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Seventy-Five Years Ago this Month: The Inauguration of the Dumbarton Oaks Research Library and Collection

Posted On September 21, 2017 | 14:12 pm | by jamesc | Permalink
James N. Carder (November 2015)

 

Mildred Bliss and Robert Woods Bliss in the Dumbarton Oaks Music Room, 1938. Dumbarton Oaks Archives (AR.DP.BL.033[cropped]).

Seventy-five years ago, on November 1, 1940, Mildred and Robert Woods Bliss hosted a black-tie reception in the recently completed pavilions housing the Byzantine library and collection at Dumbarton Oaks. The reception celebrated the promised transfer of the property from the Blisses to Harvard University as well as the inception of a research study program in Byzantine art and culture. The following day the Washington Post reported:

One of the most distinguished gatherings in Washington this season had a preview of an unusual library and art collection last night given by Mr. and Mrs. Robert Woods Bliss in their Georgetown home. The occasion was the inauguration of the Dumbarton Oaks Research Library and Collection, housed in two recently completed buildings adjoining the Bliss residence. Scores of notables from out of town and a sizable section of social and official Washington were on hand to enjoy the event.

The library, on view for the first time last night, contains well over 16,000 volumes, and the collection of objects represents thirty years of interest in art on the part of Mr. and Mrs. Bliss.

After tomorrow the museum will be open to the public on Mondays and Thursdays—under certain conditions. Application for admission must be made to the curator of the Dumbarton Oaks Research Library and Collection at 1703 Thirty-second Street, Northwest.

Interior Page Left Inaugural Invitation, Interior Page Left Interior Page Right Inaugural Invitation, Interior Page Right

In follow-up articles in the Washington Post and Boston Herald on November 3rd, excerpts from Robert Bliss’s inaugural remarks were offered:

"Dumbarton Oaks is now ready to increase its contribution to the intellectual life of the country," Mr. Bliss said in making public the disposition of the collection and library. "This end can best be accomplished by its being guided and administered by Harvard University. In this way," Mr. Bliss added, "we shall be able to enjoy the full realization of our hopes during our lifetimes."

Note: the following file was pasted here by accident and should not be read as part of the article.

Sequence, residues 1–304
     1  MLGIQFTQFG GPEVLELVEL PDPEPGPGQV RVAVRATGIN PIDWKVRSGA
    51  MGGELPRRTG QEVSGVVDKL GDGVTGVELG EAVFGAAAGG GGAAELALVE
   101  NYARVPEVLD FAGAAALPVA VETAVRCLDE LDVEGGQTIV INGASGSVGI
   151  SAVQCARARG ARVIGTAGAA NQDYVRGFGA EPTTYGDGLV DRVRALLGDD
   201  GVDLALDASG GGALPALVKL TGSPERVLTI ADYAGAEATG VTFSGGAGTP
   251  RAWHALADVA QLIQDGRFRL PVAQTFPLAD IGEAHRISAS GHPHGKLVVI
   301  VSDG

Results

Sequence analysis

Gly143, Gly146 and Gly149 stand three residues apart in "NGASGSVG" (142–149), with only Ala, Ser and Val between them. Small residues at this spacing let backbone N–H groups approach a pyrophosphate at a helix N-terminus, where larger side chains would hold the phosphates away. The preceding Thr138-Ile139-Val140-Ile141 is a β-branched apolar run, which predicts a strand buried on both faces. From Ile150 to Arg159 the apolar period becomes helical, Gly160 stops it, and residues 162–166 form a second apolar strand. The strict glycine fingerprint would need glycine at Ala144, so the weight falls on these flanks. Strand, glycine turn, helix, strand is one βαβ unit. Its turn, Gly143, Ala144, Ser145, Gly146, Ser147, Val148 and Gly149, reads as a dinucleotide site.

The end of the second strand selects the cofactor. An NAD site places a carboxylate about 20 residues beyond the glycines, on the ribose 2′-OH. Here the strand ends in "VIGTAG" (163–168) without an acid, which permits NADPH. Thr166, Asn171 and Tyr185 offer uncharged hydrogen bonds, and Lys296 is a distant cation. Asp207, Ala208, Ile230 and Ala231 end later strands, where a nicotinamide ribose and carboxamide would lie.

The owner of the collection said they chose to emphasize the medieval and Byzantine period "not merely because of the beauty and interest of its many-sided art, but essentially because the forces then forming the world of men are important for the study and understanding of our own era."

The Blisses’ friend, the art critic Royal Cortissoz, reported more of Robert Bliss’s remarks in an article he wrote for the New York Herald Tribune, published on November 10th:

"It is not always," Mr. Bliss said, "that dreams become realities. There was need in this country, we thought, of a quiet place where advanced students and scholars could withdraw, the one to mellow and develop, the other to write the result of a life’s study. Dumbarton Oaks could become such a place. We could make the beginning and give it the nucleus of a research library and study collection."

Copies of newspaper articles pertaining to the 1940 inauguration of Dumbarton Oaks are retained in the Dumbarton Oaks Archives, as well as the text of an unattributed poem written for the opening of the Dumbarton Oaks Research Library and Collection.